So I did what I was told. I turned around and walked back towards the sanctuary. But as I got closer, I started frantically thinking, “Okay, Kellie, what now? What are you doing? What are you going to do? Are you going to say something? You are nuts!” But I went anyway, like I was in a trance. I walked down the aisle of the church, past the guy with the nice smile, who was still in the pew with his friends. I saw the youth pastor speaking with some people, and I went to go say hi to him, I guess to buy myself some time since I had no clue what I was supposed to be doing. I told the pastor how much I loved the church. We had a pleasant conversation; meanwhile, I turned around to see if nice-smile was still there. When I turned around, he was smiling at me. I think I actually turned around to the other side to see if there was someone else he could’ve been smiling at. But there wasn’t. I turned back to the pastor for a few moments, then looked again. Still smiling.
Like most forced conversations, the conversation with the pastor reached far past the point of awkwardness, so I curtsied and said, “Good day, sir,” (not so much; it was 1999.) and excused myself. When I turned around to walk back up the aisle, nice-smile and his friends were still in the same spot. I reached the point where, if we had hash tags and spoke in acronyms back then, I thought something like #yolo and stopped right smack dab in front of where they all stood. I had never met his friends. The three of them looked at me. What came out of my mouth next was an earth-shattering, mind-blowing “Hi!” Nice-smile immediately responded with his own, “Hi!” Then just like “Meeting People for Dummies” told me, I cleverly came back with, “I’m Kellie!” He said, “I’m Dustin.” I asked him if he liked church. He said that yes, he did. I asked him if he would be at the XChange the next Friday. He said he would. And then I said, “Nice to meet you,” and I walked away.
I knew my sister was waiting for me at the mall still, so I went to pick her up. When I saw her, I said, “Michelle! Michelle! You’re not going to believe it! I just met the man I’m going to marry!” She looked at me like I was nuts and said, “Whatever. Shut up.”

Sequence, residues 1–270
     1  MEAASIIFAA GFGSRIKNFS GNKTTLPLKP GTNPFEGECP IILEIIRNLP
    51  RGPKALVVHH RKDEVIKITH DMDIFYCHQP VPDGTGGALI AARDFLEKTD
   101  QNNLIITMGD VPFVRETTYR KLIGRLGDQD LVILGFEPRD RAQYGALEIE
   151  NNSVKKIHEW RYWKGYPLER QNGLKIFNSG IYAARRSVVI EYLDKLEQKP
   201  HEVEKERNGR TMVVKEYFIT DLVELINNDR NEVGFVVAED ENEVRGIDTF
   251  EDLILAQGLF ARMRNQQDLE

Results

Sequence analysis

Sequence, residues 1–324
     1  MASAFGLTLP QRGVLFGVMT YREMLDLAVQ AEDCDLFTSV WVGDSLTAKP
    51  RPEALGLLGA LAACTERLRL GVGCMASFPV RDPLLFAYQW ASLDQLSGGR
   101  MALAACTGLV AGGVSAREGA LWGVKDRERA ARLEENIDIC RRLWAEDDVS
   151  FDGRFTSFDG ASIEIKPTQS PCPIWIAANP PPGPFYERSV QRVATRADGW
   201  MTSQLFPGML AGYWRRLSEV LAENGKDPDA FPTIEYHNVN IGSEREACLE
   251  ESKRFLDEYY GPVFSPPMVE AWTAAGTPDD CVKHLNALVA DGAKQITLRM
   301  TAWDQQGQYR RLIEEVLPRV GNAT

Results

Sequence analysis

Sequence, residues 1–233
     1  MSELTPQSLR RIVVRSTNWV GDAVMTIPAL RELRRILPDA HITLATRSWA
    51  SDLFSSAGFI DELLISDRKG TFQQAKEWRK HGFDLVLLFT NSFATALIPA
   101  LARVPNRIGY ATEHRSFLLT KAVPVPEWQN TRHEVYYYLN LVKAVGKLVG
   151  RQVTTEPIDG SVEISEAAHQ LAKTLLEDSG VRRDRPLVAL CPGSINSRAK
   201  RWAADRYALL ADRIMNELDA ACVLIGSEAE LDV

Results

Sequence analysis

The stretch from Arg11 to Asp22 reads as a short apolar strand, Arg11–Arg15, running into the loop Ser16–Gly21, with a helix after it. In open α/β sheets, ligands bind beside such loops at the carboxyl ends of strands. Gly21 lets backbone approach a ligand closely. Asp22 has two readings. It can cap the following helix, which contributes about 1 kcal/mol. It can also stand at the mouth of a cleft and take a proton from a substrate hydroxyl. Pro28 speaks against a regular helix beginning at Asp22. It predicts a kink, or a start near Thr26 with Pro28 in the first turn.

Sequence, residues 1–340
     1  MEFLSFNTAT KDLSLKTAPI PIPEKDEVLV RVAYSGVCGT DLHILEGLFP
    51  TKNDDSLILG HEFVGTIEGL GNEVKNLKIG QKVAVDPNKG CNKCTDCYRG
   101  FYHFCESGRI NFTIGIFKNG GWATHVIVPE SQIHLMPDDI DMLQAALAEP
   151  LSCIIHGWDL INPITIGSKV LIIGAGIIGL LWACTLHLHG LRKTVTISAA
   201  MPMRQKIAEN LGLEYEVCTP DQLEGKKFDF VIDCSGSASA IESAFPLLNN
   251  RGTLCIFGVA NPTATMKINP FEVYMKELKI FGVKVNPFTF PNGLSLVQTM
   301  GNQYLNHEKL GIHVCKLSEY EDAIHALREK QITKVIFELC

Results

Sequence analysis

The next Friday I showed up at the XChange, and Dustin’s friend’s wife, Linda, spotted me right away and said, “Hey! Are you the girl who talked to Dustin last Sunday?” I said, “Yes,” a little warily. She said, “Well, he’s here! He’s here! He went to get a coffee with my husband. Sit down at our table.” So I did, knowing they all must’ve been talking about me. Dustin did eventually show up with his friend Josh, but this time they were both wearing military BDU’s. I thought, “Oh, nooooooo, a military guy?” I had sworn not to date another military guy after a bad experience. They sat down at the table, but the night’s events got underway and there wasn’t any chance to talk. When there was, I was mostly observing him talking to his friend and his wife. His friend’s wife said, ‘You know what, Dustin? You’re not hanging out with Josh anymore because you’re a bad influence on him. Now all he ever says when I ask him a question is ‘Don’t worry about it.'” Dustin quickly replied, “Well, you shouldn’t worry about it.” I thought, “Oh no, is this guy a jerk?” I didn’t get much time to make more observations because not 20 minutes into the evening, he and Josh got up from the table to go to work the night shift. I wondered why he would even come if he had to work. I was disappointed that I didn’t get to talk to him at all and was starting to doubt my judgment. Before he left, the pastor made an announcement that the following week there would be a special event at the XChange that we had to participate in. It would be something he promised we’d never done before.
The following Friday I showed up and sat down at a table. Josh and Linda were already there sitting at another table, but Dustin wasn’t there. I thought, “Well, that’s that.” I figured I’d probably never see him again. Then a voice came from over my left shoulder. “Is this seat taken?” It was him. He sat down and he told me he drove himself there that night. We just started talking. Before we knew it, it was time for the main event. The thing we’d all never done before. A Spam carving contest. Really. We were Spam carving partners. I don’t think we carved anything recognizable as we were talking through the whole thing. It was one of the best moments of my life.
Why do I type all of this out now, you might be asking? Well, I’ve told many people our story, as it’s a story very close to my heart. I’ve never gotten tired of telling it, and anyone who is unfortunate enough to ask me how we met will get this earful. I just thought it was time it was put in writing.
The night of the Spam carving contest was February 5, 1999. And the rest is history.